• 89.
    Brännström, Fredrik
    et al.
    Umeå University, Faculty of Medicine, Department of Surgical and Perioperative Sciences, Surgery.
    Bjerregaard, Jon K
    Winbladh, Anders
    Nilbert, Mef
    Revhaug, Arthur
    Wagenius, Gunnar
    Mörner, Malin
    Multidisciplinary team conferences promote treatment according to guidelines in rectal cancer2015In: Acta Oncologica, ISSN 0284-186X, E-ISSN 1651-226X, Vol. 54, no 4, p. 447-453Article in journal (Refereed)
    Abstract [en]

    Background. Multidisciplinary team (MDT) conferences have been introduced into standard cancer care, though evidence that it benefits the patient is weak. We used the national Swedish Rectal Cancer Register to evaluate predictors for case discussion at a MDT conference and its impact on treatment.

    Material and methods. Of the 6760 patients diagnosed with rectal cancer in Sweden between 2007 and 2010, 78% were evaluated at a MDT. Factors that influenced whether a patient was discussed at a preoperative MDT conference were evaluated in 4883 patients, and the impact of MDT evaluation on the implementation of preoperative radiotherapy was evaluated in 1043 patients with pT3c-pT4 M0 tumours, and in 1991 patients with pN+ M0 tumours.

    Results. Hospital volume, i.e. the number of rectal cancer surgical procedures performed per year, was the major predictor for MDT evaluation. Patients treated at hospitals with < 29 procedures per year had an odds ratio (OR) for MDT evaluation of 0.15. Age and tumour stage also influenced the chance of MDT evaluation. MDT evaluation significantly predicted the likelihood of being treated with preoperative radiotherapy in patients with pT3c-pT4 M0 tumours (OR 5.06, 95% CI 3.08–8.34), and pN+ M0 (OR 3.55, 95% CI 2.60–4.85), even when corrected for co-morbidity and age.

    Conclusion. Patients with rectal cancer treated at high-volume hospitals are more likely to be discussed at a MDT conference, and that is an independent predictor of the use of adjuvant radiotherapy. These results indirectly support the introduction into clinical practice of discussing all rectal cancer patients at MDT conferences, not least those being treated at low-volume hospitals.

  • 90.
    Brännström, Fredrik
    et al.
    Umeå University, Faculty of Medicine, Department of Surgical and Perioperative Sciences, Surgery.
    Gunnarsson, Ulf
    Umeå University, Faculty of Medicine, Department of Surgical and Perioperative Sciences, Surgery.
    Risk Factors for Local Recurrence after Emergency Resection for Colon Cancer: Scenario in Sweden2016In: Digestive Surgery, ISSN 0253-4886, E-ISSN 1421-9883, Vol. 33, no 6, p. 503-508Article in journal (Refereed)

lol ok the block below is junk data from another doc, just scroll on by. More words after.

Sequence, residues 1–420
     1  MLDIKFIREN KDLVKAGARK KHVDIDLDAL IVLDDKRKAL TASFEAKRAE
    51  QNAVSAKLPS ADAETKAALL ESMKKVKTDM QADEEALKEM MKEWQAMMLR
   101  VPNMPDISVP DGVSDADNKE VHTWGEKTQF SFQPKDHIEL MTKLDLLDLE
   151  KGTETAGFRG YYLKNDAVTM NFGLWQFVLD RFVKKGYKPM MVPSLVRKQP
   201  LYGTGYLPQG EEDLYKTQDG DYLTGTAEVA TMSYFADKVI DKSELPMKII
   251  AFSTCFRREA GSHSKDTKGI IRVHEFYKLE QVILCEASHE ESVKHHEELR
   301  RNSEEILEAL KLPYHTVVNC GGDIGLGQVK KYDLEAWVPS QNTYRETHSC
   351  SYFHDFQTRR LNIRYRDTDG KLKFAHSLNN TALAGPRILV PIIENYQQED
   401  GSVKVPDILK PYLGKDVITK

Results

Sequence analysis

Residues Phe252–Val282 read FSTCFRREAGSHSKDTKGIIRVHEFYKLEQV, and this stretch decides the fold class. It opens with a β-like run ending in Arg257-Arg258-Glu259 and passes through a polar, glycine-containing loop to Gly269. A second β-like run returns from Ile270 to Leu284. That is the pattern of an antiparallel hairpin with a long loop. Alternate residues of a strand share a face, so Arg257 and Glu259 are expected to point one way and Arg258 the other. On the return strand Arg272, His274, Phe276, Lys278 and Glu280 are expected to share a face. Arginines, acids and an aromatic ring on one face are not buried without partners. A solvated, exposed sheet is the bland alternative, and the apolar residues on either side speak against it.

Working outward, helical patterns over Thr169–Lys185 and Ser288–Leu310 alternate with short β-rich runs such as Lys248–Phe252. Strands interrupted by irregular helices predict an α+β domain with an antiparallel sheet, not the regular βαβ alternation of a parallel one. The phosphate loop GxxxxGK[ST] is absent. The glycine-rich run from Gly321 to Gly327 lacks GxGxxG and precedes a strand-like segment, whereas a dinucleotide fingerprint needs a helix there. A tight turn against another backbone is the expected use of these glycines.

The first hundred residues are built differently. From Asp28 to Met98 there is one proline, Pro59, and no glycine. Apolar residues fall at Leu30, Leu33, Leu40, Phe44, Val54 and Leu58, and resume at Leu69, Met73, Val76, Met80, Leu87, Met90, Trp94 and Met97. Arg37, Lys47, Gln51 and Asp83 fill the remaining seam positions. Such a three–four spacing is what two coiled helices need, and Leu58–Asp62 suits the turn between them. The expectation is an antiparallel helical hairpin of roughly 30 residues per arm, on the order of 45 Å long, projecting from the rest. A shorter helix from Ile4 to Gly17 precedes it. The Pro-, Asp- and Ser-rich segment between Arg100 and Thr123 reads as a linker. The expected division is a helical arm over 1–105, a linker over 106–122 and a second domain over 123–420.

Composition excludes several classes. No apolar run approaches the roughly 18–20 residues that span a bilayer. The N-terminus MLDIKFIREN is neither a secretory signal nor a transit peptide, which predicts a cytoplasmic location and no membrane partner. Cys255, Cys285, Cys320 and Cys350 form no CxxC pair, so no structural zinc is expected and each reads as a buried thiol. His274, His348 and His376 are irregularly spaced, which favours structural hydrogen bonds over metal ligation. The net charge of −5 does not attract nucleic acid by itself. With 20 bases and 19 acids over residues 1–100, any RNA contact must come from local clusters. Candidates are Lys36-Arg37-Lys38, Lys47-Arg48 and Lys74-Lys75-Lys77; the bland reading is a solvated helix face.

Abstract [en]

    Background/Aims: Patients undergoing emergency resection for colon cancer have a worse outcome both in terms of short-and long-term survival than those having elective surgery. The aim of this population-based study was to determine factors associated with increased risk for local recurrence following emergency resection. Methods: The Stockholm-Gotland Healthcare Region Colon Cancer Register was used to identify all colon cancer patients who had undergone emergency colon resection with curative intent in that region 1997-2007. Patient records were scrutinised to obtain any missing information. The influence of the following factors was assessed: indication for emergency resection; time between admission and surgery; surgery daytime or at night; American Association of Anesthesiologists score; volume of blood lost; and T- and N-stage. Our endpoint was loco-regional recurrence. Results: Apart from stage, perforation as indication for emergency surgery was the only factor that influenced the risk for local recurrence (hazard ratio 1.96; 95% CI 1.12-3.43). Conclusion: In this study, the only factor associated with local recurrence after emergency resection for colon cancer was preoperative perforation. This implies that changes in our current management algorithm would be unlikely to lead to improvement. Efforts should therefore concentrate on reducing the proportion of patients operated on an emergency basis.

  • 91.
    Brännström, Fredrik
    et al.
    Umeå University, Faculty of Medicine, Department of Surgical and Perioperative Sciences, Surgery.
    Gunnarsson, Ulf
    Umeå University, Faculty of Medicine, Department of Surgical and Perioperative Sciences, Surgery.